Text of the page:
Treatment treats

My super generous brother and his wife bought me a voucher for my birthday, to use at the Treatment Rooms, Brighton’s premier hair removal and back pummelling day spa. So off I went last week to have a Swedish massage and a facial. There had been some debate amongst friends as to whether a Swedish massage involved being karate chopped up and down your legs. We decided that perhaps that was a Turkish massage, which instantly had me thinking of that scene in Eastern Promises when Viggo Mortensen has a naked knife fight in a hamam. Very much not what you’re meant to be thinking about when you go for a pampering morning, but you know, enduring image and all that.

It struck me that you only go for massages and facials when you’re orbiting 40. It never crossed my mind to do so in my Thirties or before. Then, I could wake from a night of strong lager and chips looking charmingly dishevelled, not haggard, as I do now. So I’m still a novice when it comes to spa etiquette. It’s all about relaxing, but I spent the first 10 minutes of my massage worrying about whether I should have taken my knickers off. And all that wandering about in a robe and slippers makes me feel a bit self-conscious, too, but perhaps that’s just a sign of immaturity? Bet Kylie doesn’t blanch at wearing a waffle dressing gown in a public-ish space.

The facial, which I naively thought would be all soothing swishing and cool lotions actually involved what my 12-year-old beautician termed ‘extraction’. That’s spot picking and pore dredging, really, using your nails. It hurt so much it made my eyes water. Once finished, she informed me that my eye area was ‘very dry’. It’s not dry love, those are just wrinkles. Silly! You’re still about three decades off getting your first, it’s true, which must be why you’re so shocked.

This firm-skinned imp then managed to flog me some stupidly overpriced eye cream, despite all the chunterings of my inner sceptic. You only need a dab, she said, but its cynical pump action bottle means you get a generous squirt each time you use it then go about looking like you’ve been weeping tears of lard.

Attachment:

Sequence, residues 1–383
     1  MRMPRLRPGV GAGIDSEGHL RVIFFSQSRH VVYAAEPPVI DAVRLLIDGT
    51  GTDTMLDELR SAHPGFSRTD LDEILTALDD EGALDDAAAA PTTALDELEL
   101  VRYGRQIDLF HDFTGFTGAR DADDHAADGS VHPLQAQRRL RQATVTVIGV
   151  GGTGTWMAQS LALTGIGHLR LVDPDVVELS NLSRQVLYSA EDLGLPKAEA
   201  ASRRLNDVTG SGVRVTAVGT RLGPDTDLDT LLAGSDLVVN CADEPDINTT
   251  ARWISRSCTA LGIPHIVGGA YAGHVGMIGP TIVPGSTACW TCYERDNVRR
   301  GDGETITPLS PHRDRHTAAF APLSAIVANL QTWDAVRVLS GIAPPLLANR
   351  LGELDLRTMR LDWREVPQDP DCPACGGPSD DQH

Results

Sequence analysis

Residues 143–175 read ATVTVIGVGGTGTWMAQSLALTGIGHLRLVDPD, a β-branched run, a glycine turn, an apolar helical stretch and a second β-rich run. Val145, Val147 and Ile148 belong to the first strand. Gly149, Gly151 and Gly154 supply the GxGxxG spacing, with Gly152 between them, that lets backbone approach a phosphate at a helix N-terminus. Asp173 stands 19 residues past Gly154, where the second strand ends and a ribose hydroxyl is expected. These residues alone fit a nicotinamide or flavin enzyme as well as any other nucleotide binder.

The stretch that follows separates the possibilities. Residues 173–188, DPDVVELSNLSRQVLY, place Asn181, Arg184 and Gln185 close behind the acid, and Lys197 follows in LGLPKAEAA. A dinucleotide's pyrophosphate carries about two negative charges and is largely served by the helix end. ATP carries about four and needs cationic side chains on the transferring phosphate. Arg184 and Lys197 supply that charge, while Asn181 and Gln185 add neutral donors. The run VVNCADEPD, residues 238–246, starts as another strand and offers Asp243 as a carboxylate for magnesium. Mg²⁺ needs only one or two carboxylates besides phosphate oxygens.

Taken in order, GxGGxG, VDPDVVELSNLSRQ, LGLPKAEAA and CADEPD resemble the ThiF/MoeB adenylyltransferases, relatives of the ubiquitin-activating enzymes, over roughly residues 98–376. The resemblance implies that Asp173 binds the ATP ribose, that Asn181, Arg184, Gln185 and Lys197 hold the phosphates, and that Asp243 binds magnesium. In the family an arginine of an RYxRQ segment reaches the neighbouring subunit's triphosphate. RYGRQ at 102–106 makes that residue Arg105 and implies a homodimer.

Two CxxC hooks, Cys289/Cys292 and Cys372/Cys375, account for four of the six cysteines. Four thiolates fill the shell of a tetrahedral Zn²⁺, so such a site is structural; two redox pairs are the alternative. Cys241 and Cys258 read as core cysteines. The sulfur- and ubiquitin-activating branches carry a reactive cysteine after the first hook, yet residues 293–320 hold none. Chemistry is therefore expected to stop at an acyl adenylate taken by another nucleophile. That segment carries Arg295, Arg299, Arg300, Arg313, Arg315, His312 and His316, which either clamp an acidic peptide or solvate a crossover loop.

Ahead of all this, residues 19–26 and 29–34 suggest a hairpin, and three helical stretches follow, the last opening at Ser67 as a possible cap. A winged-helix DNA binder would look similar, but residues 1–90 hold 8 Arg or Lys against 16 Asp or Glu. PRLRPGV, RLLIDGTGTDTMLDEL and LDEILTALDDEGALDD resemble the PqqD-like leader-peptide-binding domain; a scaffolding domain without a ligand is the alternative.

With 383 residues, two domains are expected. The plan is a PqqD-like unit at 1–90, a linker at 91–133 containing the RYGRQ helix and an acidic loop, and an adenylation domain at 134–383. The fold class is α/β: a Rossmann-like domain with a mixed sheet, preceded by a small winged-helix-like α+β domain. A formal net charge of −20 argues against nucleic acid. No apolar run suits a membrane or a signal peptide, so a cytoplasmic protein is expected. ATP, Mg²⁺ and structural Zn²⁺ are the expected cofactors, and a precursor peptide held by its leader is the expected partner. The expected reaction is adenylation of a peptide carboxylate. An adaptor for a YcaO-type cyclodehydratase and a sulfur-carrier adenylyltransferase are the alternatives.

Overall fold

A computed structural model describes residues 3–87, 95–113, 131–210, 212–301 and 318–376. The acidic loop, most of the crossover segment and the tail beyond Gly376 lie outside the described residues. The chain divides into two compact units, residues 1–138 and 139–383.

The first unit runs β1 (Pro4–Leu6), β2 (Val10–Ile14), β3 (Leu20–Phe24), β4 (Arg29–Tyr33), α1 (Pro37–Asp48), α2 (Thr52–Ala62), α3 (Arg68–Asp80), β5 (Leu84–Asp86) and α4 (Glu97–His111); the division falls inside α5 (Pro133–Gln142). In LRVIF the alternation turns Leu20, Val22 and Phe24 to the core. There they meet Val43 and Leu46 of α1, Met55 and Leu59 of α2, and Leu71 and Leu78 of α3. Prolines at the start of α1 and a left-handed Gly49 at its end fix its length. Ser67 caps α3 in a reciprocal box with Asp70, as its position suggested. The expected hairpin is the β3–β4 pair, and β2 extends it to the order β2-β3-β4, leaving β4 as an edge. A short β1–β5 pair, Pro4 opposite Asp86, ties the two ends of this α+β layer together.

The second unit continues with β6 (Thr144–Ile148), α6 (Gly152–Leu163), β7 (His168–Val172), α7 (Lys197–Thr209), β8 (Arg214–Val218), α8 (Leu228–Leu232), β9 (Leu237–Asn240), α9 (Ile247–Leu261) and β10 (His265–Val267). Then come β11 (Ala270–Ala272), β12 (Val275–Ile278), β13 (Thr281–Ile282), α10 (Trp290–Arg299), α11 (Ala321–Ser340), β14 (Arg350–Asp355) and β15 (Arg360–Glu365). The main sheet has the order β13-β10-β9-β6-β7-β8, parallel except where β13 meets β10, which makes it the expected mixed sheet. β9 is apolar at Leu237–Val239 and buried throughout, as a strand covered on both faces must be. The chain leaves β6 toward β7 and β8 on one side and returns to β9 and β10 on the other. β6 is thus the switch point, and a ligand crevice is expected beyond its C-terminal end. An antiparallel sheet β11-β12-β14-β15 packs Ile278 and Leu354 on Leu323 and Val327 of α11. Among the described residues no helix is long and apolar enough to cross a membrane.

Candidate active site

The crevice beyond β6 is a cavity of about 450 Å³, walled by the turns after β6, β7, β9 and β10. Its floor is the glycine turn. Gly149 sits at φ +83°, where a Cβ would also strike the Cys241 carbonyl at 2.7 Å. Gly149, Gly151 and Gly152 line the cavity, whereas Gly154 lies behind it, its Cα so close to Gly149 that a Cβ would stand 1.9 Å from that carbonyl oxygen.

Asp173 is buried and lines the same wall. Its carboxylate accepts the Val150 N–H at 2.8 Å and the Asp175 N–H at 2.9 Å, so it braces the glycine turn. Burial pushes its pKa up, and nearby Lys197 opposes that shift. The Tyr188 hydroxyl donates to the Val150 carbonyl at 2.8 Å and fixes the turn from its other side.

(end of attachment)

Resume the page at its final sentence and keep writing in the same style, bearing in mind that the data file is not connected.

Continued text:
In short, I am old enough to need the services of the Treatment Rooms, but perhaps not mature enough to be able to handle them. And, just so you know, I shall be keeping my knickers on next time.

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40 years young – that’s me

I’ve orbited 40 so well that I’m now orbiting out the other side, or ‘heading for the dark side’ as I like to optimistically call it. The birthday itself was sabotaged by a fierce cold, which meant I spent most of it in bed, wearing my new dressing gown, admittedly, and a diamante bracelet I’d been given by my neice, in a rather Princess Margaret-ish way. Plans were cancelled. But if you look at it all in a wider sense, the date itself sabotaged the day – 3rd of January, possibly the most depressing date in the calendar. So in a way the cold became a metaphor for the overall crapness of the birthday date and certainly was a physical expression of my more negative feelings about no longer being in my 30s. But whatever…
It feels ok to be 40. I haven’t suddenly found myself using a tartan topped shopping trolley or obsessing about the cold. But a nagging doubt about what lies ahead does linger over this particular birthday. More of the same, I predict, with smatterings of grimness. Plus you just can’t feel even a teeny bit smug about your age anymore. The future’s smugness-free, then.
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There’s a mouse loose about this hoose

I was woken last night by the sound of scratching. It wasn’t S readjusting his particulars, it was, dammy, a mouse! In my bedroom! I know because I turned on the light and there it was, sitting atop a pot of Olay Revitalist on my chest of drawers. I nipped downstairs for some oatcakes and a shoe box to attempt to trap it before quickly realising, as it sped behind the chest of drawers, that this was a fool’s errand. So I headed to the spare room for some mouse-free sleep.

The mouse, I hoped, would run downstairs and find a chink in a wall or a floorboard and be gone. Sadly, it ran straight into the only place it really shouldn’t have run straight into – the sitting room, where the cat sleeps. She must have thought Christmas had come early.